I watch Mama lift the stiff shaft of white delphinium into the light. The bulb over the sink is naked. She is naked, too, except for the white scuffs on her small feet.

“Mama,” I whisper.

She dances across the kitchen floor. Glides actually.

“Mama,” I whisper again, my lips barely rubbing against each other.

I wish my friend Solly hadn’t come tonight. I’d forgotten that it was July 11th when I invited him. Daddy left four years ago today, right after we’d picked eight stalks of delphinium. One for each year Daddy and Mama had been married. One for each year I had been alive. One for each year, Mama says, Daddy stripped her bare and wore her heat to a cool flat line so she couldn’t wear that red taffeta dress with the beaded semicircles tracing the tops of her boobs anymore.

Mama only talks about boobs on July 11th. All the other days, Mama sings me breakfast stories with white toast and Welch’s grape jelly and a shirt buttoned up almost to her freckled neck.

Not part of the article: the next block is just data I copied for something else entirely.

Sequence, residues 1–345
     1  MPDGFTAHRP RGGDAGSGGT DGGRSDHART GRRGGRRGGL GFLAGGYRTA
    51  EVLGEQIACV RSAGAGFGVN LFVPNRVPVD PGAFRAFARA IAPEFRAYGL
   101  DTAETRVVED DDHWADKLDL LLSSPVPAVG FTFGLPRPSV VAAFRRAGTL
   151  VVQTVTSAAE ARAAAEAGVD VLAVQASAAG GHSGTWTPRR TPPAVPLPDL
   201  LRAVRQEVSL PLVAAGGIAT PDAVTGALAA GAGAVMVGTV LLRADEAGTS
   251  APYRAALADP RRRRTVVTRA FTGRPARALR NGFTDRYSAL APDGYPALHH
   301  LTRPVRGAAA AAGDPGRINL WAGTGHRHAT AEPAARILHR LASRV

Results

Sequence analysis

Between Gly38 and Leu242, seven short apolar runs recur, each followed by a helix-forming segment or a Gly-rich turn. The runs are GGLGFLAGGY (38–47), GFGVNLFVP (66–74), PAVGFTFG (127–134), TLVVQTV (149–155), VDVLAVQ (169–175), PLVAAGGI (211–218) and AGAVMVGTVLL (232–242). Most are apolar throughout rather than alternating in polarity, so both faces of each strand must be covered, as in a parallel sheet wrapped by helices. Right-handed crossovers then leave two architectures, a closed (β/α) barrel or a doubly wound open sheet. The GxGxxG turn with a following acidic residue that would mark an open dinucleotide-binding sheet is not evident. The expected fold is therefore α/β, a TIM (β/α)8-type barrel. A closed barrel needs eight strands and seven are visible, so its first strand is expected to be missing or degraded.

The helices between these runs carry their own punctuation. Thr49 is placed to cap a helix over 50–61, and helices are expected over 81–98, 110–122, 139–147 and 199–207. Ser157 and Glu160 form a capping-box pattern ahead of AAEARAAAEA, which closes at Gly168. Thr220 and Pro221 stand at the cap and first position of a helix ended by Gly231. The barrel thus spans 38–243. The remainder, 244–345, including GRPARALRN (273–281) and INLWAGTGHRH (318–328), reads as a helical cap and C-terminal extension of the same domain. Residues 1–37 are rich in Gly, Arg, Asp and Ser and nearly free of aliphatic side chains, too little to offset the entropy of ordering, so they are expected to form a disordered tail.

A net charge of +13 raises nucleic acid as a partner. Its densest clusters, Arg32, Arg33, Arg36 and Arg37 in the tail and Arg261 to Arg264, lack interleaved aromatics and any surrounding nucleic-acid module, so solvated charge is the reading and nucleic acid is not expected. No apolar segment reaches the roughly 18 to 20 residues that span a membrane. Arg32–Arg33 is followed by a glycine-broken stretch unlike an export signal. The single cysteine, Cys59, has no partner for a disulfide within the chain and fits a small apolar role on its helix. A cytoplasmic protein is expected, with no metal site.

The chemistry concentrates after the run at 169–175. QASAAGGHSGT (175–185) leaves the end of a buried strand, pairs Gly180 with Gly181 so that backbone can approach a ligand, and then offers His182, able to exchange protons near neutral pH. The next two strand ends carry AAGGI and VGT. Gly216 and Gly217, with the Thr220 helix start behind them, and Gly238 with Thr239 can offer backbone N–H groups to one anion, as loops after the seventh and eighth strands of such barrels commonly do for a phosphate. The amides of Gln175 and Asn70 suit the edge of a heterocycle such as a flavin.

I hope Solly won’t hear naked Mama pushing her plastic soles along the linoleum. Or see naked Mama balancing on the chair trying to screw the white delphinium against the hot bulb, singing like Saffire about a good man to do her up good.

“Mama,” I whisper. “I love you.”

She waves. The scent of burning petals climbs through the metal holes of the screen door and races after me.


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